Next time you’re driving your kids somewhere, or out for as run, invest 30 minutes in listening to the podcast embedded on this page.
Here’s the basic premise: A carpenter drafts plans carefully and then follows them to a “t” to get the finished product he desires. A gardener understands that a lot of unpredictable stuff will happen in his garden: bugs, blights, but also wonderful cross-pollinations. Carpenters tightly control what they do. Gardeners understand that there are so many variables that you will drive yourself crazy if you don’t let go to some extent. Surprises can make gardening frustrating, but they’re also what make the hobby ultimately rewarding.
On the parenting front, a great deal of societal pressure exists to raise children in the carpenter style. Tightly controlled schedules. Lots of enriching activities that are highly structured. The prevailing parenting philosophy today hews closer to the carpenter model than the gardener. The idea is that if you as a parent do everything right, you can shape the kind of person your child becomes.
The science of child development, however, suggests that successful parenting is a lot more like being a gardener, Gopnik says. The goal should be developing what she calls a “deep ecosystem where wonderful things can happen, and that reacts to the environment in unpredictable ways.
The idea is to “Provide a protected space where unexpected things can happen rather than shaping a child to come out to be a particular kind of desirable adult,” she tells podcast host Shankar Vedantam.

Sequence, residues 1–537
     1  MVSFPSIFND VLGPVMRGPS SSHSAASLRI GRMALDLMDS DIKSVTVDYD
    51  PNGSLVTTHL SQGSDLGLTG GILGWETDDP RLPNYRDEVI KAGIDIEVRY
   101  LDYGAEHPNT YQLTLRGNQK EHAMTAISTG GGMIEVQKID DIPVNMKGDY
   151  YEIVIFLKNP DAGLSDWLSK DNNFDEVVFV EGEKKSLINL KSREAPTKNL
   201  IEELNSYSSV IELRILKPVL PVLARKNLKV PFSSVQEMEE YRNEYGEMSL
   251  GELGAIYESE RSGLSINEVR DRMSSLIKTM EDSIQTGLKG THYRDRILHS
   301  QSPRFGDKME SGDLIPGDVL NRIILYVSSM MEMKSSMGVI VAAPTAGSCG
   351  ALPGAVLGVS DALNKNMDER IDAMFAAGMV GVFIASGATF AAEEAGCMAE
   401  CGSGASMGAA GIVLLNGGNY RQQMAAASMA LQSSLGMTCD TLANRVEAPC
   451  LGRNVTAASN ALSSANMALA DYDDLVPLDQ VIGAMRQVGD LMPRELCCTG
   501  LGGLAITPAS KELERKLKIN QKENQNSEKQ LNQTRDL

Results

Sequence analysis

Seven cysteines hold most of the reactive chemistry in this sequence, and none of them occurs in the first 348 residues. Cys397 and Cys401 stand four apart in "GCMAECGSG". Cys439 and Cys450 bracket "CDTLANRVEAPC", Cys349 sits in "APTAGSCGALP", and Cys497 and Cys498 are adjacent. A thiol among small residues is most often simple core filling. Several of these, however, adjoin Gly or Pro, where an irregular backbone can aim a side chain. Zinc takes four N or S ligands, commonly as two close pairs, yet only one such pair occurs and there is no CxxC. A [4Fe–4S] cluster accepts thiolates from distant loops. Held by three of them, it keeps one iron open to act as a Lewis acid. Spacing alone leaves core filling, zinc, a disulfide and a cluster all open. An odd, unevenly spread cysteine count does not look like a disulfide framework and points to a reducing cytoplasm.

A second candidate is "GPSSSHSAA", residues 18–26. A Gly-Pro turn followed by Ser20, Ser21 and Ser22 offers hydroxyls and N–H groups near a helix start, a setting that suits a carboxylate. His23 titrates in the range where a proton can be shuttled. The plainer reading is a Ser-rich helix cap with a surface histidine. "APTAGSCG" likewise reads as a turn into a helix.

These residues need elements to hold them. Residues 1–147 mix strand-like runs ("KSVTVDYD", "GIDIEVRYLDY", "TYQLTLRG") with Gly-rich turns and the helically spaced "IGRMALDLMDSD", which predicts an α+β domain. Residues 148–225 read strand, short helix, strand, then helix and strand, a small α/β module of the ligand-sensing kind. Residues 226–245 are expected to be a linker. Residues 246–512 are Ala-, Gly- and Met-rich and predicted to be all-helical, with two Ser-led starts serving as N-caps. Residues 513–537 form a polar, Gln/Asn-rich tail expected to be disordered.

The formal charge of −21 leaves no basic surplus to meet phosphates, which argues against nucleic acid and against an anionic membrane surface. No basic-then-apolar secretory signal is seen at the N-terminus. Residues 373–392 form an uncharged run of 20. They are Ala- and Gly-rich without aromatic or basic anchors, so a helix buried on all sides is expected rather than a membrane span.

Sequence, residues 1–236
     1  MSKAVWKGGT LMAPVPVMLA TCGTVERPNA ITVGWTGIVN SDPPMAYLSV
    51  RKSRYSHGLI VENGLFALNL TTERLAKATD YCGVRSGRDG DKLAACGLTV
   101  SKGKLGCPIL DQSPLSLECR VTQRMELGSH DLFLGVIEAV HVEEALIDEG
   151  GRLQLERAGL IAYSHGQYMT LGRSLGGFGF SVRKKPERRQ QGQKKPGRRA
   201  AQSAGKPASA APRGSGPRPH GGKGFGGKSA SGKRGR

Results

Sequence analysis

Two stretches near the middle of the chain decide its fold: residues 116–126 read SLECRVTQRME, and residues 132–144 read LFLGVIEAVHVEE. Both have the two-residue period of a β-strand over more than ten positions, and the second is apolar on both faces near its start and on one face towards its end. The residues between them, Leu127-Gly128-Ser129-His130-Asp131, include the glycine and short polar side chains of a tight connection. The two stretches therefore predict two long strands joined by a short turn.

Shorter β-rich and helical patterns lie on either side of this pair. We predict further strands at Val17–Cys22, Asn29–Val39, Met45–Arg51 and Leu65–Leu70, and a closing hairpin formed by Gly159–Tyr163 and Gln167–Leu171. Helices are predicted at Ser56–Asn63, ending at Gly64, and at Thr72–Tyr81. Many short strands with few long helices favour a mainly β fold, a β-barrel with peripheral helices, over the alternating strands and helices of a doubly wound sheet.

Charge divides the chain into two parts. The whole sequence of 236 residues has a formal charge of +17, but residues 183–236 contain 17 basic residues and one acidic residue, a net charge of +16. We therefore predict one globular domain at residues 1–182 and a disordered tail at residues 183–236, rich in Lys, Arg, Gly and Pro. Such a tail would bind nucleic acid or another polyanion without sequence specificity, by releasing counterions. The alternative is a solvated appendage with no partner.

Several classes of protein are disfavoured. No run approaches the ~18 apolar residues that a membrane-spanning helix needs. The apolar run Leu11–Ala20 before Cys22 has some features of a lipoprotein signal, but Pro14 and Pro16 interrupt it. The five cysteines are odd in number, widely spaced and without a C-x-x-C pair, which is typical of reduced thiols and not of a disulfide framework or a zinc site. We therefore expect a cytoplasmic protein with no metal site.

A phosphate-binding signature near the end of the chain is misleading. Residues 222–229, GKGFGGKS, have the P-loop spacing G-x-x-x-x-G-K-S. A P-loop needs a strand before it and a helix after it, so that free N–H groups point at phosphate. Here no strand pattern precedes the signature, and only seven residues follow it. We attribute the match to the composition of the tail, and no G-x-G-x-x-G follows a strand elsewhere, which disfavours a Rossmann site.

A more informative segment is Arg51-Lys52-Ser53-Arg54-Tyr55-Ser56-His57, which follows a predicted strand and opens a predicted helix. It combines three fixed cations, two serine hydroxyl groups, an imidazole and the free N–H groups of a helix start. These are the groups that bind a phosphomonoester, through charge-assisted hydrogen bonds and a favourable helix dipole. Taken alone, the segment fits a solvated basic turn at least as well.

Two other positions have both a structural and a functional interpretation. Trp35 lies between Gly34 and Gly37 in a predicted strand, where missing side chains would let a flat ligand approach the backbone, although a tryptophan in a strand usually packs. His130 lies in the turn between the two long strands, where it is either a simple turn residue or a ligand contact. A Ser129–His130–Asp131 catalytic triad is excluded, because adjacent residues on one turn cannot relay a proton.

In fact, Gopnik, even the word ‘parenting’ is relatively new – the transformation of a noun into an adjective. ‘Parenting’ suggests “a goal-oriented activity aimed at a particular outcome,” when being a parent is actually a relationship with one’s child.
While being a carpenter-style parent might accelerate a precocious child’s trajectory toward being, say, an Olympic figure-skater, it’s also fraught with peril, Gopnik says. “It makes the process of being a parent “difficult and tense and stressful in ways that are unnecessary” – for both kids and parents.
Children need to learn to become autonomous beings, ca[able of functioning in an unpredictable world. Carpenter parents might reduce risks and push children toward success, but simultaneously can create anxiety and stress that are ultimately unhealthy and counterproductive.
It’s not surprising that our culture has evolved to produce carpenter parents, Gopnik says. For most of human history, children were raised by villages, so older children grew accustomed to bearing some responsibility for caring for younger children. Adolescents and young adults today to be more focused on structured activities, including school, and eventually careers, and then d to have less exposure to child-rearing practices. So it’s not surprising that today’s new parents look at parenting as a series of tasks, much like going to school or work.
Read more: To Raise Successful Kids, Let Them Fail.